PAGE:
The Paris Peace Accords, on January 27, 1973, formally recognized the sovereignty of both sides. Under the terms of the accords, all American combat troops were withdrawn by March 29, 1973. Limited fighting continued, but all major fighting ended until the North once again invaded in strength and overpowered the South on April 30, 1975. One of the main impediments to furthering "Vietnamization" was the cutting off of all military funding to Vietnam by the US Congress and, perhaps more importantly, the resignation from office of Richard Nixon in August 1974. Nixon had attached his presidency to a pledge of "peace with honor." Seven and a half months after his resignation, Cambodia was taken over by the Khmer Rouge and South Vietnam fell to communists just two weeks later. Vietnamese citizens, as many as one and a half million known as the Vietnamese boat people, began to flee, but the United Nations estimated that perhaps one third died at sea.
South Vietnam briefly became the Republic of South Vietnam, a puppet state under military occupation by North Vietnam, before being officially reunited with the North under Communist rule as the Socialist Republic of Vietnam on July 2, 1976. Upon taking control, the Vietnamese communists banned other political parties, arrested suspects believed to have collaborated with the US, and embarked on a mass campaign of collectivization of farms and factories. Reconstruction of the war-ravaged country was slow, and serious humanitarian and economic problems confronted the communist regime. In 1978, the Vietnamese Army invaded Cambodia to remove their erstwhile allies, the Khmer Rouge, from power. This action worsened relations with China, which launched a brief incursion into northern Vietnam in 1979. This conflict caused Vietnam to rely even more heavily on Soviet economic and military aid.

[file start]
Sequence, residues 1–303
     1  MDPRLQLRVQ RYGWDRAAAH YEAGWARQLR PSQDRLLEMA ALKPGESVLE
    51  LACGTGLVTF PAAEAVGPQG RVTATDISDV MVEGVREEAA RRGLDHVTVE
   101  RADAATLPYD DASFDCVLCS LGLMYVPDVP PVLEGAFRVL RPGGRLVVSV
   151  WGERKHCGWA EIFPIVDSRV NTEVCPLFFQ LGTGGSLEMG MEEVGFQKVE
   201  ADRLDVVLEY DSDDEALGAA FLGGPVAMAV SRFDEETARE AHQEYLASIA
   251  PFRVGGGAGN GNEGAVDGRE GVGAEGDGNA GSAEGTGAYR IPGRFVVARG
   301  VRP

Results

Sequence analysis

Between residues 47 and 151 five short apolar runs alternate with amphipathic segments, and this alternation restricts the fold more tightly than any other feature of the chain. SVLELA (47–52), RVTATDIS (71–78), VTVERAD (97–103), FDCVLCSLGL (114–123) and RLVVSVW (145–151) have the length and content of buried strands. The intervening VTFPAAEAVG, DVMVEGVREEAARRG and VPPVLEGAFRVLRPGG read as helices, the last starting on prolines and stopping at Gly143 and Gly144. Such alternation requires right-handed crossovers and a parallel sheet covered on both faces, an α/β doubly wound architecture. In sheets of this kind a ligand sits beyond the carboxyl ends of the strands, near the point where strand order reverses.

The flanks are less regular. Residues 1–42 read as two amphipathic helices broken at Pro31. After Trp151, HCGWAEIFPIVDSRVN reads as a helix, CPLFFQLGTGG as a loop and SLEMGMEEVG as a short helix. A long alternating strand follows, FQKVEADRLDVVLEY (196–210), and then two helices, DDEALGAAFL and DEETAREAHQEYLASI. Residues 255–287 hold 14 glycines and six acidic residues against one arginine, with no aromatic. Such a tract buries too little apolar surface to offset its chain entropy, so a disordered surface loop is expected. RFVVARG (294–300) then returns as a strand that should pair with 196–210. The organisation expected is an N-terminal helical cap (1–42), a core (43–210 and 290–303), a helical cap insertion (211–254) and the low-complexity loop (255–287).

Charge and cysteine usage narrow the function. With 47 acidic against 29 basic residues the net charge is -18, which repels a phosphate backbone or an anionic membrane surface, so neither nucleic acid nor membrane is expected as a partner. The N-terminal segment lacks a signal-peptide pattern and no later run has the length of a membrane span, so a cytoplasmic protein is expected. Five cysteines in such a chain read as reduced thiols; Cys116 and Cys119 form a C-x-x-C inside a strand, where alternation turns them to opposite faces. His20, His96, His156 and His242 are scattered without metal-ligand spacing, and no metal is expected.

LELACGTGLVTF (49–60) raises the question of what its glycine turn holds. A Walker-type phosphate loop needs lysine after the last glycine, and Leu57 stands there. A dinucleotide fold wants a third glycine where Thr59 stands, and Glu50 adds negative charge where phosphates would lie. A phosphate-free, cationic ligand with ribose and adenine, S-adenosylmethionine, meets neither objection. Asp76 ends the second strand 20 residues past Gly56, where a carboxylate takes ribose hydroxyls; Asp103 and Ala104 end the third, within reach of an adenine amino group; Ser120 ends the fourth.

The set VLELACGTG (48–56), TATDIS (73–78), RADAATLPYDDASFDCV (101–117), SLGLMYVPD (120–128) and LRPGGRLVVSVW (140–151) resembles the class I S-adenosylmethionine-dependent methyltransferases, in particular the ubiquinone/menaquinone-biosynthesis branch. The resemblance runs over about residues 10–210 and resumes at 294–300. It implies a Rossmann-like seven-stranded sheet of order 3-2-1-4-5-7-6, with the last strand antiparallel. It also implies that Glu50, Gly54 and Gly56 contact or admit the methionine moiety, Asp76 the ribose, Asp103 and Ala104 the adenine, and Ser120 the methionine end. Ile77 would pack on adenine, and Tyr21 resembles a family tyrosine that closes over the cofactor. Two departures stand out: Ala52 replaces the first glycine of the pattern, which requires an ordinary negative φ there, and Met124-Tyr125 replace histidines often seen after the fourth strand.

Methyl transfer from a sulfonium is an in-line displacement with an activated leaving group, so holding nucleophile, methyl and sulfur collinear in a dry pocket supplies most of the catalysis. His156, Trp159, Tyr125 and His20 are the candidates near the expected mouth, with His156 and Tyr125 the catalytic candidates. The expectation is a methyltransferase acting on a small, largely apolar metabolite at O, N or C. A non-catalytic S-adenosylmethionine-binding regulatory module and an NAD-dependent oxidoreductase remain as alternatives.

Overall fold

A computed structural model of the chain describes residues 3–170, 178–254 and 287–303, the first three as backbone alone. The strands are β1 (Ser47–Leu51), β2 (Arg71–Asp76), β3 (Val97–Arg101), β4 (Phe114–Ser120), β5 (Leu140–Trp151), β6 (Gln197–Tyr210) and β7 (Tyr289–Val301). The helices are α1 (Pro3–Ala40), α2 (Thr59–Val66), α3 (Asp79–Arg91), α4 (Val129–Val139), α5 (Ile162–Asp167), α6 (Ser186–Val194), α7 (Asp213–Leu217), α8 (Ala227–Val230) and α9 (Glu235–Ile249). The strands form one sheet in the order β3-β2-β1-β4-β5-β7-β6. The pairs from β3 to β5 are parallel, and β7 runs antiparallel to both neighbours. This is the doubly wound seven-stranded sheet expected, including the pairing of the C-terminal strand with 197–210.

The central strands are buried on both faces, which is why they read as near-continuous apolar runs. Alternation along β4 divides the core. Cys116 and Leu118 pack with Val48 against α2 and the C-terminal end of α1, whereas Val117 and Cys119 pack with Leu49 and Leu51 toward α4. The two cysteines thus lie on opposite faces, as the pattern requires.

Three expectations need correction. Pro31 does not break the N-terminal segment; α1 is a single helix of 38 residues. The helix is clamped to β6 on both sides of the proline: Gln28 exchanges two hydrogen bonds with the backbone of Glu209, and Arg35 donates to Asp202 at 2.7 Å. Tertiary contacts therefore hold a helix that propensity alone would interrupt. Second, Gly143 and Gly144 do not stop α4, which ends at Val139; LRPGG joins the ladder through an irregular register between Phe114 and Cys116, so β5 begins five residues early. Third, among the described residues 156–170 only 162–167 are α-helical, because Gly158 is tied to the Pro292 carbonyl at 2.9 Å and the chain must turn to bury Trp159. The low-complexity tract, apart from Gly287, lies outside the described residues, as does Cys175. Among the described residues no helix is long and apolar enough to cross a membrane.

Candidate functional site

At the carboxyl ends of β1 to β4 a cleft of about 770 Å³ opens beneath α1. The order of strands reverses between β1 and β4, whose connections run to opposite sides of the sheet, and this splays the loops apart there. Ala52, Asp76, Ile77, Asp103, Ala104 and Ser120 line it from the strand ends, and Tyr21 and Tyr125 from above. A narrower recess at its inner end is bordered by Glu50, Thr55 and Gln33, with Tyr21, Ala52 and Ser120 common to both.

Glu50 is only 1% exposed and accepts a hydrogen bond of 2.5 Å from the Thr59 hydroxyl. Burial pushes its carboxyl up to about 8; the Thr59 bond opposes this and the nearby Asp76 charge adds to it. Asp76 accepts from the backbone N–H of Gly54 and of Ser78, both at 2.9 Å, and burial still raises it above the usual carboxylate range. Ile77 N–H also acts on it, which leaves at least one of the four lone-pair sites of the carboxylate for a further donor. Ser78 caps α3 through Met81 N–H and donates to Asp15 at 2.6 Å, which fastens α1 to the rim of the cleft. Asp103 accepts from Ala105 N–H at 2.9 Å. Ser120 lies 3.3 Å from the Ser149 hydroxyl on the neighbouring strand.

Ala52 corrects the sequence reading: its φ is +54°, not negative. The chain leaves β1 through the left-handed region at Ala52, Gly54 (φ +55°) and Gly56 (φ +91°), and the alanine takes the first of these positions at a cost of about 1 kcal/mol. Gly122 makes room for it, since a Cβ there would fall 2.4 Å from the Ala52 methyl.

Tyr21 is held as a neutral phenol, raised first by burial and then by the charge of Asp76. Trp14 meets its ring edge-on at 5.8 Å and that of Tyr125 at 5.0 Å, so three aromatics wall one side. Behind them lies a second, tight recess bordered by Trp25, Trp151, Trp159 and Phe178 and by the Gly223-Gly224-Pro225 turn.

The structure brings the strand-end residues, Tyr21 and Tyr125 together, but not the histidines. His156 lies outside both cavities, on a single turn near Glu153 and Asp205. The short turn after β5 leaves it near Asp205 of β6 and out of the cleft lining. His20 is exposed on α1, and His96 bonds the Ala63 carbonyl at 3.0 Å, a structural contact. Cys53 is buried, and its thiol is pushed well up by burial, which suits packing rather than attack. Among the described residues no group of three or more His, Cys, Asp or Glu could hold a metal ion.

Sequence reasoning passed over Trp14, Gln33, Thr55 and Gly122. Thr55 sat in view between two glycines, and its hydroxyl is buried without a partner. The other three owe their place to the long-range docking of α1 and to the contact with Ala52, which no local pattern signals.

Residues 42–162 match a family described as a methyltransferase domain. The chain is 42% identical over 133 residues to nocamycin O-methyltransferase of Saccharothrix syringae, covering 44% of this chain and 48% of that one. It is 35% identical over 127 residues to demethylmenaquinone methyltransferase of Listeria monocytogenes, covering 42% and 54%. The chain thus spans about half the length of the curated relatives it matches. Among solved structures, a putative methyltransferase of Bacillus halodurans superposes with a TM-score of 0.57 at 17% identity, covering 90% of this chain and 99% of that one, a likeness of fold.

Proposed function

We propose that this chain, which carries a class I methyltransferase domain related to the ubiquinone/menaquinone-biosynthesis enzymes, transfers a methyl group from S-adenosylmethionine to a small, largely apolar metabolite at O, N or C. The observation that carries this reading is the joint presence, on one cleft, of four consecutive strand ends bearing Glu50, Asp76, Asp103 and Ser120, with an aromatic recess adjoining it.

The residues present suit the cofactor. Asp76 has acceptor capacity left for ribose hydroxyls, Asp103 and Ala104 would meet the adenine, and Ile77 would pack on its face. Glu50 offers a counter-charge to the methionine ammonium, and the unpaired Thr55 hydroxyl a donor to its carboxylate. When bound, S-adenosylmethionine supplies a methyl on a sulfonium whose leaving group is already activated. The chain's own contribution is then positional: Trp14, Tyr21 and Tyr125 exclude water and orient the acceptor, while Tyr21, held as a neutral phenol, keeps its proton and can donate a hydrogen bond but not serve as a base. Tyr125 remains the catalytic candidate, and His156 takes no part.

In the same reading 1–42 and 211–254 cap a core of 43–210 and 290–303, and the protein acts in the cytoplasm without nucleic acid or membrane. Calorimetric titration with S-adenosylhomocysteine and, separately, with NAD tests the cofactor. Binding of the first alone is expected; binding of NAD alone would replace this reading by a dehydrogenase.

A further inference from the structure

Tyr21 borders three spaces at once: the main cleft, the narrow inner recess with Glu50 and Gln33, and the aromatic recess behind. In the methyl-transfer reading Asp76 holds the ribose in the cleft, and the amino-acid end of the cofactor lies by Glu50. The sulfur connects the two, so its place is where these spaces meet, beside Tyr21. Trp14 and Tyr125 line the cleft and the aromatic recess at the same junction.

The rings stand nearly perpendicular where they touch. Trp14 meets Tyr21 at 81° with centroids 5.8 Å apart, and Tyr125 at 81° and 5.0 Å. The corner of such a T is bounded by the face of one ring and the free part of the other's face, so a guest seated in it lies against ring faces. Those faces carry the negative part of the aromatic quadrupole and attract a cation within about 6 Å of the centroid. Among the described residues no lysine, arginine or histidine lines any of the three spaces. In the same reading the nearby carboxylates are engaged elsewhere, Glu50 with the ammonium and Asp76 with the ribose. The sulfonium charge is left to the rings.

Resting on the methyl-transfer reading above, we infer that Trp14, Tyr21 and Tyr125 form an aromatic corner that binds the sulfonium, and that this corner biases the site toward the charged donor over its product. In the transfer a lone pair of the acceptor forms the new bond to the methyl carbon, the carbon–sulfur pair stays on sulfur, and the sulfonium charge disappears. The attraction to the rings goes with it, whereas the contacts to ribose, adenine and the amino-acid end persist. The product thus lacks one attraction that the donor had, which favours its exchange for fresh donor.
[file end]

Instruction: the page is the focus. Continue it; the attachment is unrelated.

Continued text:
In a historic shift in 1986, the Communist Party of Vietnam implemented free-market reforms known as Doi Moi ("Renovation"). With the authority of the state remaining unchallenged, private ownership of farms and companies, deregulation and foreign investment were encouraged. The economy of Vietnam has achieved rapid growth in agricultural and industrial production, construction and housing, exports and foreign investment. However, the power of the Communist Party of Vietnam over all aspects of government remains firm. In 1995 the United States restored diplomatic relations with Vietnam.
The Socialist Republic of Vietnam is a single-party state. A new state constitution, approved in 1992, replacing the 1975 version, reasserted the central role of the Communist Party in all aspects of government, politics, and society.
Only political organizations affiliated or endorsed by the Communist Party are permitted to contest elections. These include the Vietnamese Fatherland Front, workers, and trade unionist parties. Although the state remains officially committed to socialism as its defining structure, the ideology's importance has substantially diminished since the 1990s.
The President is the head of state and the nominal commander in chief of the military, chairing the Council on National Defense and Security. The Prime Minister is the head of government, presiding over a council of ministers composed of three deputy prime ministers and the heads of 26 ministries and commissions.